Wooden floor joists are likely to develop some form of mold over time. This mold in return can reduce the air quality of a house.
However, steel does not develop mold and hence caters to providing better air quality to homes.
Wooden floor joists are also applied with pesticides and water-resisting chemicals which further reduce the air quality.
Steel floor joists do not need to be coated with such chemicals.
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Differences between Steel and Wooden Floor Joists
Cost of Steel Floor Joists
Steel floor joists or support beams come at a cost of $100 to 400$ per foot for residential construction.
This can make the total cost of installing a steel floor joist range from $1000 to $4000 depending on the size of a floor system.
The longer the span of the floor, the more expensive the steel floor joists become.
The cost of steel floor joists also depends upon the type of steel being used.
Hot-rolled steel joists are thinner and less expensive, whereas cold-formed steel joists are thicker and have more strength, but also cost more.
Another thing to note is that the $100 to $400 cost is only for the material itself.
The total cost of installing steel floor joists can range from $10,000 to $20,000, which includes the headers and webbing cost as well.
Steel floor joists are very efficient in transferring loads from floors to beams and offer a variety of advantages over wooden joists.
They are stronger, more durable, and long-lasting.
It is not common to use steel floor joists in residential construction, however it can be a good choice if you have the budget.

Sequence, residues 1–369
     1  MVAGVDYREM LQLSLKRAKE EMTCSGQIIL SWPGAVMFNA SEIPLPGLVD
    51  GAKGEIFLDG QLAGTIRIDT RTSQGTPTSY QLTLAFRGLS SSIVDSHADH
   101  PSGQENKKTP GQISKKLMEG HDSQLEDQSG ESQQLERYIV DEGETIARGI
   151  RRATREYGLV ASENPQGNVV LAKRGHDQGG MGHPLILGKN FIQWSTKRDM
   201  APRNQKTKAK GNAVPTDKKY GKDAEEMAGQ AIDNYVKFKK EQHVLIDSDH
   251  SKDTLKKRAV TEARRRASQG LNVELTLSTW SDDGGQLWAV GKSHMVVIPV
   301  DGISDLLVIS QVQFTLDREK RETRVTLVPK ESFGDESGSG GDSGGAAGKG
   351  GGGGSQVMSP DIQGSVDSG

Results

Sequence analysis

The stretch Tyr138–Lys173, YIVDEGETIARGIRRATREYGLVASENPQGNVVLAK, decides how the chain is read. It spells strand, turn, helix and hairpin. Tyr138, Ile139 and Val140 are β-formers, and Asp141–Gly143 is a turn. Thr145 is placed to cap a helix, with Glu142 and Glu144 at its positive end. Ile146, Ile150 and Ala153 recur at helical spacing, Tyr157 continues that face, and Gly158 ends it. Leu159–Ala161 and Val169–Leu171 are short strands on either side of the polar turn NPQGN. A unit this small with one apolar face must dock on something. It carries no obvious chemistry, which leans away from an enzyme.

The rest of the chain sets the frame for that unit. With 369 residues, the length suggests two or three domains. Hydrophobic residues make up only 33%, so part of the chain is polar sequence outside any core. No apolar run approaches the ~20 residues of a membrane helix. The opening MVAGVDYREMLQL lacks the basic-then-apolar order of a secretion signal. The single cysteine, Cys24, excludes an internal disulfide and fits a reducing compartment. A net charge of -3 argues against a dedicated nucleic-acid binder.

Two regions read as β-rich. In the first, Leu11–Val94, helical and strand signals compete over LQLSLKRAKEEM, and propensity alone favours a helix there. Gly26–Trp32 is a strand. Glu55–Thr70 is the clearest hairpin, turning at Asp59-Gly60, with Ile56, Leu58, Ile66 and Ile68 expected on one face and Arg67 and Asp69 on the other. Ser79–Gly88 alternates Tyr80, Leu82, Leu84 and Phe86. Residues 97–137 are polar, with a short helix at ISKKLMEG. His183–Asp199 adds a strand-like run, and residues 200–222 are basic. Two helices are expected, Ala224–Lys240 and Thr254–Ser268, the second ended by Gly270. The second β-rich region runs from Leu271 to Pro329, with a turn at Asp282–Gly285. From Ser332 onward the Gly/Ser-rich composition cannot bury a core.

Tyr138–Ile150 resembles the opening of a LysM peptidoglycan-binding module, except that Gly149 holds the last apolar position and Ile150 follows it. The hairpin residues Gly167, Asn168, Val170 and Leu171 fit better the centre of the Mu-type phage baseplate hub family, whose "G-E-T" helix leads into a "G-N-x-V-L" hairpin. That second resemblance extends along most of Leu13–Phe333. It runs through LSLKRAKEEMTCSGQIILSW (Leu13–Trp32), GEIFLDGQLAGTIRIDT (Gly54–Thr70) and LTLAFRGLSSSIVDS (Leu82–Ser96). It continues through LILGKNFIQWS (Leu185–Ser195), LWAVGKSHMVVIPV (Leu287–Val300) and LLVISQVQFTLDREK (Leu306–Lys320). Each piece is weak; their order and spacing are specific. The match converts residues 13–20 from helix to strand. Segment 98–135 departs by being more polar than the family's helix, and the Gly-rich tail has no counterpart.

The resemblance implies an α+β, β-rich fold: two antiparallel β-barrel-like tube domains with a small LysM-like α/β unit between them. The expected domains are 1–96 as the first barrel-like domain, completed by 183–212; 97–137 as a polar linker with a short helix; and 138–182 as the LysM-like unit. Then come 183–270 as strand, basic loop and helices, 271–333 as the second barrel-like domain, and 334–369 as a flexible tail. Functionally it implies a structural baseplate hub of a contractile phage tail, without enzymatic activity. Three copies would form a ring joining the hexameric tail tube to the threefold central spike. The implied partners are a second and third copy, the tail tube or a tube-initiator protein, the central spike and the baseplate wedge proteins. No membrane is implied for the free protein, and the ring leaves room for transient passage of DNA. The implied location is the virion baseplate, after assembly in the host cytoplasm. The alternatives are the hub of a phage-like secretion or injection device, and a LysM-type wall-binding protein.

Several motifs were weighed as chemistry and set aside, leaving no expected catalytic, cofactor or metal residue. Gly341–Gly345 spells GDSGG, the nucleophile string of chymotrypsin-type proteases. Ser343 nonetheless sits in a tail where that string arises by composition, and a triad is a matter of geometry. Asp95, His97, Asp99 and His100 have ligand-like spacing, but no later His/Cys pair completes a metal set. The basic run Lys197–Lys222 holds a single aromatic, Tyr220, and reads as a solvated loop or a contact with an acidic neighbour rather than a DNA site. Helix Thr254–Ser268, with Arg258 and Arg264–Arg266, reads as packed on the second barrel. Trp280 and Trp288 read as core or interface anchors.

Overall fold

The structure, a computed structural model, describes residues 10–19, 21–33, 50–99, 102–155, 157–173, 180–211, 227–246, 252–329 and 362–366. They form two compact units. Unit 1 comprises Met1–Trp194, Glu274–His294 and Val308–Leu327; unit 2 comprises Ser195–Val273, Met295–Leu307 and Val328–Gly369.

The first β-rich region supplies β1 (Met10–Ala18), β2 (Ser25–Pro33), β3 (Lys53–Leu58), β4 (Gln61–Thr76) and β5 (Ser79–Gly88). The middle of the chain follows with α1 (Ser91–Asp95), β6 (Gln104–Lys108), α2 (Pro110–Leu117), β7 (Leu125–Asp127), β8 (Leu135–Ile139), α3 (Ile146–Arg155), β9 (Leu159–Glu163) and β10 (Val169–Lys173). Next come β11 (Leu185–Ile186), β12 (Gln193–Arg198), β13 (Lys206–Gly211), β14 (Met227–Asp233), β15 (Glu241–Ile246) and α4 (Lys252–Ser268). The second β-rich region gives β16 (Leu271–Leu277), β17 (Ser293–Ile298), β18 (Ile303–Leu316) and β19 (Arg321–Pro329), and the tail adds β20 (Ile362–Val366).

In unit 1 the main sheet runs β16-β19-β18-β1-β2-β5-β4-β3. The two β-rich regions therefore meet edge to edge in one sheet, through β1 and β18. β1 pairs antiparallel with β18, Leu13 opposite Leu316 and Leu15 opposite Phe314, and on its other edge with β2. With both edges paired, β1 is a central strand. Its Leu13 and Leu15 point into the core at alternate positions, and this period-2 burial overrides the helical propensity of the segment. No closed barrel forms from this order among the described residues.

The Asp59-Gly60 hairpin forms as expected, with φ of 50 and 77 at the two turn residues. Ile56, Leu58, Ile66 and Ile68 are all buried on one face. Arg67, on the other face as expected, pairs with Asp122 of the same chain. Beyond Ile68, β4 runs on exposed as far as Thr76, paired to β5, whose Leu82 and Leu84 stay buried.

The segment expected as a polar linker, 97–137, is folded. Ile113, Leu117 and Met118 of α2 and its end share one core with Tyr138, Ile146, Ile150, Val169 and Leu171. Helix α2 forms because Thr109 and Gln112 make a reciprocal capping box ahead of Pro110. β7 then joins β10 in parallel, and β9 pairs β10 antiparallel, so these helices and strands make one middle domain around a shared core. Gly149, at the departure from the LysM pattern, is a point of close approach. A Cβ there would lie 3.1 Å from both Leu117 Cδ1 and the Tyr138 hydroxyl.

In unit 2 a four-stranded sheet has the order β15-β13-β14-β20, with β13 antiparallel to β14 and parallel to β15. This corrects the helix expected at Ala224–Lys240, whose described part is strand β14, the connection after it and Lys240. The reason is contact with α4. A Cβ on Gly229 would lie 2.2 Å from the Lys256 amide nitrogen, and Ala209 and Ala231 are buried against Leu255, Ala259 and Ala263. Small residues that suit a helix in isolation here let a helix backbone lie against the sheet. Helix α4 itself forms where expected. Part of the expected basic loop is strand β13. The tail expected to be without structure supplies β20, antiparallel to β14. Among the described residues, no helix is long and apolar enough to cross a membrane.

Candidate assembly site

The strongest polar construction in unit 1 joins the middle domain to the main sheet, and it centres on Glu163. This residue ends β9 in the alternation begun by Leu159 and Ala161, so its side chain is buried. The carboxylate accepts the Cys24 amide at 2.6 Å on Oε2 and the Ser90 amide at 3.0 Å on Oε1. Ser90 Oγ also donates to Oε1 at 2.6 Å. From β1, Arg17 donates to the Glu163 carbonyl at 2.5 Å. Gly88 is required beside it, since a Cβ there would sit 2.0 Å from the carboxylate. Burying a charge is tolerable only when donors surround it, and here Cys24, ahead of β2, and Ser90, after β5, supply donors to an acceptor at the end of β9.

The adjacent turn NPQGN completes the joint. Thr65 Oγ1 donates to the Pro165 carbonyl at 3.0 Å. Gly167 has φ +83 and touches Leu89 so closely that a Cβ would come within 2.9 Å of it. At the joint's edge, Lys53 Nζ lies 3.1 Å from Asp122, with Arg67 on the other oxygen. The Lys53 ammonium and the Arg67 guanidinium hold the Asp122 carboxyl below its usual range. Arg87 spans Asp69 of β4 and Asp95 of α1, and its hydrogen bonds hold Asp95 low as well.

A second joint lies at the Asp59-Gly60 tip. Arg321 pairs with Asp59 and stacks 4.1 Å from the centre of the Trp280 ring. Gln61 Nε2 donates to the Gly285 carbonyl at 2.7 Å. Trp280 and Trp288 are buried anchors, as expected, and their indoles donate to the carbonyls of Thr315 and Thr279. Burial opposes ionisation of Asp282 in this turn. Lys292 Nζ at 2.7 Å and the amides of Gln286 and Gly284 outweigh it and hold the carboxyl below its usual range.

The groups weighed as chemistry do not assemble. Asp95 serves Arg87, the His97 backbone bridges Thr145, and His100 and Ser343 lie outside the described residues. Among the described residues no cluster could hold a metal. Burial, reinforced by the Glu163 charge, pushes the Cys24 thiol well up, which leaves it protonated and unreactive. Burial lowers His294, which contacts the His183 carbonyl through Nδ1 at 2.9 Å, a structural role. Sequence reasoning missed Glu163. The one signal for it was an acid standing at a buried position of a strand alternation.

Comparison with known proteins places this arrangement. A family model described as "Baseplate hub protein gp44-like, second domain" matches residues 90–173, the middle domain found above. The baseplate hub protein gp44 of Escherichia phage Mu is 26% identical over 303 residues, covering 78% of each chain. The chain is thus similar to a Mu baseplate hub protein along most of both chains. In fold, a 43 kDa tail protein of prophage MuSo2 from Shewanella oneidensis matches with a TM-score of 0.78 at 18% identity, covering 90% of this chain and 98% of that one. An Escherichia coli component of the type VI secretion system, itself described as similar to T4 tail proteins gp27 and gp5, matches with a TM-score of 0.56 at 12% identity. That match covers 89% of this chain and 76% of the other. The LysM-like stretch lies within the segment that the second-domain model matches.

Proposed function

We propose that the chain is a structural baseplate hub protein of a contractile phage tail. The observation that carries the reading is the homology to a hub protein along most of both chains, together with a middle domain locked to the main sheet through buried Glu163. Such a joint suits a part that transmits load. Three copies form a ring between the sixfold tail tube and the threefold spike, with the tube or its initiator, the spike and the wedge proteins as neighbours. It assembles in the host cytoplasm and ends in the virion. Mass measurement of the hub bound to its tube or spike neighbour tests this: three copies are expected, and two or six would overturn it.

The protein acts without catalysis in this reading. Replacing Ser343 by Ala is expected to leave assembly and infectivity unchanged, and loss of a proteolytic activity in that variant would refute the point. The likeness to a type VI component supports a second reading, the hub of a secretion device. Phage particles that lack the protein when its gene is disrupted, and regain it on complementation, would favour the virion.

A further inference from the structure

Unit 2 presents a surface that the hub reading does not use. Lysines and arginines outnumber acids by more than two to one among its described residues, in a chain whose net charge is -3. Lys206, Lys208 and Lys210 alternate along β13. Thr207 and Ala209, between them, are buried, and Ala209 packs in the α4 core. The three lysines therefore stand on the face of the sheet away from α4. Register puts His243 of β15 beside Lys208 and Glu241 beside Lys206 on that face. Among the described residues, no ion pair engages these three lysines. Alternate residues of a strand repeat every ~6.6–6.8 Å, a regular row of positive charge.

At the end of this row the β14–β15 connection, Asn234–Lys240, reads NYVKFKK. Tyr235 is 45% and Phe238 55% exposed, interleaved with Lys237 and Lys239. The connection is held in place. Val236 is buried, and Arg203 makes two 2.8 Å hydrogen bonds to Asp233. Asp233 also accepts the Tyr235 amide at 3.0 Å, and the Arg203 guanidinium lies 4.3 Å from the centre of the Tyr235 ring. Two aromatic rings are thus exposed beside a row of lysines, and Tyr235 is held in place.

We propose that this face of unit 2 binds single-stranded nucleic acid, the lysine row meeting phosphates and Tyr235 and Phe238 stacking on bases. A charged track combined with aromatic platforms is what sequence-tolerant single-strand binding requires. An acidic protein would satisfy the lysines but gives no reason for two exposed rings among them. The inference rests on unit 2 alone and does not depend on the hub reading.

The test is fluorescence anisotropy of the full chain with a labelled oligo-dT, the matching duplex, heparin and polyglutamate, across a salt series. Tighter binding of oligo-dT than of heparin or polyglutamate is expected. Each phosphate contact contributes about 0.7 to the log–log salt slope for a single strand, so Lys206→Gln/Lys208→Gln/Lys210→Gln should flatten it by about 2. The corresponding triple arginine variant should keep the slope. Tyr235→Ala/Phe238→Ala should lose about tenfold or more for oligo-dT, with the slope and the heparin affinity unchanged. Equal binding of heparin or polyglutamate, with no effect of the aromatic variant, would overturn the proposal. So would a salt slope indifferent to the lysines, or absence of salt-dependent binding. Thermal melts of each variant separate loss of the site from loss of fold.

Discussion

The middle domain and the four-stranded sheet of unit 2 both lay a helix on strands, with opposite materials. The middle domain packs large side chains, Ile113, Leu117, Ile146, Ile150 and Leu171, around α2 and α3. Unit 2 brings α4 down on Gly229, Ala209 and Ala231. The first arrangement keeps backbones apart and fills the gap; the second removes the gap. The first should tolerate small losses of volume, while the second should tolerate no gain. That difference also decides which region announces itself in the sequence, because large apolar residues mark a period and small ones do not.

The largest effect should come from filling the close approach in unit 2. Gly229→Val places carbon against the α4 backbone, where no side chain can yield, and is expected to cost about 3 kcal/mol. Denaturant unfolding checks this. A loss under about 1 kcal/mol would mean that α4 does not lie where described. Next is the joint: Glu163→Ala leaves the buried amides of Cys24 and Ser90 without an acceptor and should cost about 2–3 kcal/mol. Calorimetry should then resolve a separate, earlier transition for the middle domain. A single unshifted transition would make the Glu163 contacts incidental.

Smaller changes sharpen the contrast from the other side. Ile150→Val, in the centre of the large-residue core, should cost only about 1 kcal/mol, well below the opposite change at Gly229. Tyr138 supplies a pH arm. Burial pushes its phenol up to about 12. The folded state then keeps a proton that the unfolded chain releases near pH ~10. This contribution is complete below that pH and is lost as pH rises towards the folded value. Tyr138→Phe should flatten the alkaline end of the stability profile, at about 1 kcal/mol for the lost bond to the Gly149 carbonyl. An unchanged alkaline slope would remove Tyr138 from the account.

Though steel floor joists have high initial costs, they can be more sustainable in the long run.
Frequently Asked Questions (FAQ)
How far can steel floor joists span?
Steel floor joists can span anywhere between 60’ to 144’ depending on the type of joist used.
A k-series steel joist can span up to 60’, an LH-series steel joist can span up to 96’, while a DLH-series steel joist can span up to 144’.
Are steel floor joists used for residential construction?
Steel floor joists are increasingly being incorporated into the remodeling and redesigning of residential construction.
This is due to the qualities that steel members have which makes them more durable and rot-resistant than their alternatives.
Galvanized steel floor joists are resistant to rust, moisture, molds, and termites. Additionally, they do not undergo much twisting, warping, or cracking.
When to Use Steel Floor Joists?
Steel floor joists are widely used in buildings where large loads must be carried and transferred.
In residential construction, steel floor joists are an ideal option to be used in basements and attic spaces due to their moisture and mold resistance.
Basements and attics usually are exposed to varying environmental conditions which lead to the rotting of wooden joist members.
This can be avoided by using steel floor joists.